It's time to explore beyond the basics and move into some other areas of Ruby. Here you'll
learn how to use the
sprintf method to format output,
process or generate XML with REXML or XML Builder, use reflection methods, use RubyGems,
create documentation with RDoc, and do some error handling. You'll even do a little
metaprogramming and embedded Ruby (ERB). The purpose of this chapter is to expand your
knowledge and broaden your experience before cutting you loose. After this, only Chapter 11 remains.
Kernel module has a method called
sprintf (which also has a synonym called
format) for creating formatted strings. If you have C
programming in your DNA, as many programmers do, it is likely that you will want to reach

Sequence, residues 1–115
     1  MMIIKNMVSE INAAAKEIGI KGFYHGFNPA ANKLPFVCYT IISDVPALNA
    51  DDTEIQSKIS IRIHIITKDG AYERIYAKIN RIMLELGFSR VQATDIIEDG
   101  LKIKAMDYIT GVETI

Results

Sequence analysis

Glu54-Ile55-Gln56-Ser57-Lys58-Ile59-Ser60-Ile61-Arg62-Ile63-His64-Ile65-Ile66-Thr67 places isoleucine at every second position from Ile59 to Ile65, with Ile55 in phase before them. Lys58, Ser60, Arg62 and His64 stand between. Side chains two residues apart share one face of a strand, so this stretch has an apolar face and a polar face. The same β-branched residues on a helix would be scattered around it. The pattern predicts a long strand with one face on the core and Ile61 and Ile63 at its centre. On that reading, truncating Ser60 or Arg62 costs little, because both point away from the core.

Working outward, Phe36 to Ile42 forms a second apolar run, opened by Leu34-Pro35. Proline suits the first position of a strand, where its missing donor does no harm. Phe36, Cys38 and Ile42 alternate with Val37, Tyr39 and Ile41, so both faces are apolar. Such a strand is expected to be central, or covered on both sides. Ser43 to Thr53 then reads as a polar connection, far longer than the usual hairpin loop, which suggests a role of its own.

sprintf to do all kinds of string formatting chores
sprintf relies on a format
string—which includes format specifiers, each preceded by a
%—to tell it how to format a string. For example, let's say you
wanted to print out the number 237 in binary format. Enter this:
sprintf( "%b", 237 ) # => "11101101"
The format specifier
%b indicates that you want a
b is the field type
for binary, and the argument
237 is the number you want
to convert to binary, which
sprintf does very handsomely.
sprintf doesn't actually print the return value to
standard output (the screen); to do that you would have to use
printf( "%b", 237 ) # => 11101101
which is nearly identical ...